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At the end of chapter 14, Scout wonders why Boo Radley never ran away. What does this...

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ballinsuperstar | Student, Grade 9 | eNotes Newbie

Posted September 3, 2009 at 3:06 AM via web

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At the end of chapter 14, Scout wonders why Boo Radley never ran away. What does this statement reveal about her new perceptions of Boo?

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mwestwood | College Teacher | (Level 3) Distinguished Educator

Posted September 3, 2009 at 10:17 AM (Answer #1)

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In Chapter 14 of "To Kill a Mockingbird," Dill arrives after having run away from home because he now has a stepfather.  When Scout asks him why he has run away, he tells her that "they [his parents] just wasn't interested in me."  Either they are gone or when they are home, they sequester themselves in a room by themselves, Dill tells Scout.  To make Dill feel better, Scout tells Dill that she was about ready to run off herself.  Besides, she says,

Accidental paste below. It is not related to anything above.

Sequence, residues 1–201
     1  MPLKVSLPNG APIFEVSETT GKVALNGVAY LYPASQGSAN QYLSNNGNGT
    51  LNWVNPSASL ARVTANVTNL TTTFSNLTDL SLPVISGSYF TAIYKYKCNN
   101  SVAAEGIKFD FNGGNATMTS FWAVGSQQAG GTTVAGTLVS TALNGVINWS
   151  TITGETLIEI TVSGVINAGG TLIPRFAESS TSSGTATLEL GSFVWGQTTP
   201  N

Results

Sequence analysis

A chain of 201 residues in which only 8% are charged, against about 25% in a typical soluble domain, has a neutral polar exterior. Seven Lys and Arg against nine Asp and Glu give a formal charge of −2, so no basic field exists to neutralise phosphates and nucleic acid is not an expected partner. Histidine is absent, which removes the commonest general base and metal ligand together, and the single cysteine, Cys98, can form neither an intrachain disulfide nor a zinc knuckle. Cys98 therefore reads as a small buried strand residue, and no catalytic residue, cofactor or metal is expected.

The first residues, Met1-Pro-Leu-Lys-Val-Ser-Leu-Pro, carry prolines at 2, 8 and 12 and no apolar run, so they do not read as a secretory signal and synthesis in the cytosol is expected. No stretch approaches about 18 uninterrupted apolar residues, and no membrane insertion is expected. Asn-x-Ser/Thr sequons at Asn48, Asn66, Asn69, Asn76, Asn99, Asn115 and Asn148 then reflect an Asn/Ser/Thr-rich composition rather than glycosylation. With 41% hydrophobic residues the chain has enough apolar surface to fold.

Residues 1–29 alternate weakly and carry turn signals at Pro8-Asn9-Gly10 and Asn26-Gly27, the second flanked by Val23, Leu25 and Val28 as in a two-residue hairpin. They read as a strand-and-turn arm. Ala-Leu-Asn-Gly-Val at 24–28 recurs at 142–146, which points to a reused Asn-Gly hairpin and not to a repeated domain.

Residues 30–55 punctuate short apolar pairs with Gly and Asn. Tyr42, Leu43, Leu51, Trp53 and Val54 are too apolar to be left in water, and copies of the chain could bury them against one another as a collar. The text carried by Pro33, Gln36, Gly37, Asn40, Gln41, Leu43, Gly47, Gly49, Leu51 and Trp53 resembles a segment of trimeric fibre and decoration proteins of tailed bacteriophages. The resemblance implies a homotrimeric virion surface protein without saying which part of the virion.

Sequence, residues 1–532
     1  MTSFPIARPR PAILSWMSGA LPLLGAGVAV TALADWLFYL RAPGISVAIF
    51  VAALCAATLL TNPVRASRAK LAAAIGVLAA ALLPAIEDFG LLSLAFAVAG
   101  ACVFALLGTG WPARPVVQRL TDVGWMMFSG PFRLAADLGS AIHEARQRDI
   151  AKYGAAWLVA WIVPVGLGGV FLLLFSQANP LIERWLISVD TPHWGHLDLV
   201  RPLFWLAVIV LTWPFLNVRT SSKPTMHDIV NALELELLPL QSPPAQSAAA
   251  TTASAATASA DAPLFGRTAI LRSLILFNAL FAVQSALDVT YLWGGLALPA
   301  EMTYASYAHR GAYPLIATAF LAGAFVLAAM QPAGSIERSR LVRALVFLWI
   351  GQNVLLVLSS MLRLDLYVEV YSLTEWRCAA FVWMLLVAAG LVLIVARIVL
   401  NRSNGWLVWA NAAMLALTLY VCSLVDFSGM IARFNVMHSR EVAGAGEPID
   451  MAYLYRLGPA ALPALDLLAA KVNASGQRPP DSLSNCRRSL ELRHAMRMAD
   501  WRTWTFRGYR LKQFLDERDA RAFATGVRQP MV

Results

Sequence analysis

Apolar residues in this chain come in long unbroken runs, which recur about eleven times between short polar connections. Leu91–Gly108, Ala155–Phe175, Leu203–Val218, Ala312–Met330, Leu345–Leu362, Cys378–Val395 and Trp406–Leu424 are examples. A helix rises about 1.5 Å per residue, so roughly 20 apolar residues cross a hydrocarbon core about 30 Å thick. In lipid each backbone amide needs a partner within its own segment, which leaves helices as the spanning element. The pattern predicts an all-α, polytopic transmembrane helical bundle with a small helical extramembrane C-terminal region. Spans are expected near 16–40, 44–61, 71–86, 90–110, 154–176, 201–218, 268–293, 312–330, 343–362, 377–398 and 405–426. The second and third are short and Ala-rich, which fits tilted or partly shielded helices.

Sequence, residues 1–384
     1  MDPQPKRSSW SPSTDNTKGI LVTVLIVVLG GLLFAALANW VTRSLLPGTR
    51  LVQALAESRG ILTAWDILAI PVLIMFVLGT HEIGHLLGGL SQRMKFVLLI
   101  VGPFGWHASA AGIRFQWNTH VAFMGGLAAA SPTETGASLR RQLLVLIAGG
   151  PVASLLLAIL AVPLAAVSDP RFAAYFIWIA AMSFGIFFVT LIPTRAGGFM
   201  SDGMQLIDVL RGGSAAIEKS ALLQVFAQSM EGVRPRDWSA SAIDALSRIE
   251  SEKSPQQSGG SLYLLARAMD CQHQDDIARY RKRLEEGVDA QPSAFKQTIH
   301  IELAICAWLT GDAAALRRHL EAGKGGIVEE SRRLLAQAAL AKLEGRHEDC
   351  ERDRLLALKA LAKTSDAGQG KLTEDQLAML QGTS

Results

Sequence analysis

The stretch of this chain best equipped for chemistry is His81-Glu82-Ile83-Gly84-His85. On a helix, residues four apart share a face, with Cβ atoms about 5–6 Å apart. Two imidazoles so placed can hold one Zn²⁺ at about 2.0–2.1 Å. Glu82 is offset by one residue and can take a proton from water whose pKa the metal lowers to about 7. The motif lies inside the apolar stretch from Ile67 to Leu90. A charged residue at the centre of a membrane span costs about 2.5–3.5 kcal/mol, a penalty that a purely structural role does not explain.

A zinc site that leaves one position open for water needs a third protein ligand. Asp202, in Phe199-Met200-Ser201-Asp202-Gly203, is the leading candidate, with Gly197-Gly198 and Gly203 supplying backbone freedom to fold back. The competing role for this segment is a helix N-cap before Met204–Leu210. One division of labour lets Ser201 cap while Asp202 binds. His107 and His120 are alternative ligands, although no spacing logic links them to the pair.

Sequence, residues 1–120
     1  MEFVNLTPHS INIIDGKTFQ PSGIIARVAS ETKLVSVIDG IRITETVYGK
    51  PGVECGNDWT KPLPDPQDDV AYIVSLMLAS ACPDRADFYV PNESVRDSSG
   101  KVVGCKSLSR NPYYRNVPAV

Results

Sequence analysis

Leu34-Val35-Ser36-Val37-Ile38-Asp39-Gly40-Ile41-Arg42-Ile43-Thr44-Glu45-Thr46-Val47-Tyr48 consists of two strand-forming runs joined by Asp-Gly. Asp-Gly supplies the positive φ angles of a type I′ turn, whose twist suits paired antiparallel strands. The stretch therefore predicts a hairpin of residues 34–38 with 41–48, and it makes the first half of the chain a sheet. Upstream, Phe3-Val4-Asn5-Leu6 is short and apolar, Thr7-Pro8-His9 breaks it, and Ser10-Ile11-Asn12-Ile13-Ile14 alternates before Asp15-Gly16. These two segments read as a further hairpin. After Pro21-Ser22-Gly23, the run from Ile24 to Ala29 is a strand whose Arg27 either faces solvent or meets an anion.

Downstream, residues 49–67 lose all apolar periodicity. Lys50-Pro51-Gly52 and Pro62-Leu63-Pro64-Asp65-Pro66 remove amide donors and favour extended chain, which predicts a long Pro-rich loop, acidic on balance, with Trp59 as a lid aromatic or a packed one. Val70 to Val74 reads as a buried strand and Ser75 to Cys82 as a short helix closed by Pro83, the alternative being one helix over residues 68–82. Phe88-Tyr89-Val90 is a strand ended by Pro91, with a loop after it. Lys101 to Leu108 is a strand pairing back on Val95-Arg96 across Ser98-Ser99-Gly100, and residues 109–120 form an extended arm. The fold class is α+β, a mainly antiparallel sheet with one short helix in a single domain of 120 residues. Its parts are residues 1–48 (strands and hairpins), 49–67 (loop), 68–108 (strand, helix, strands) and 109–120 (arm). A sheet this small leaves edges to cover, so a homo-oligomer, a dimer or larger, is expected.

You don't want 'em around you all the time, ....Dill, you couldn't do anything if they were.

Pondering his words as well as what has occurred with Dill in his home, along with his wish to "get a baby," which the maturing mind of Scout deduces that Dill lacks real love despite the gifts his parents bestow upon Dill. Realizing the similarities in Boo Radley's home where there is no love, either, and neglect of Boo's needs as well, Scout gives voice to her thoughts:  "Why do you reckon Boo Radley's never run off?"  She questions why Boo would not do as Dill as done since their situations are somewhat similar.  But, Dill responds that perhaps Boo has nowhere to go.

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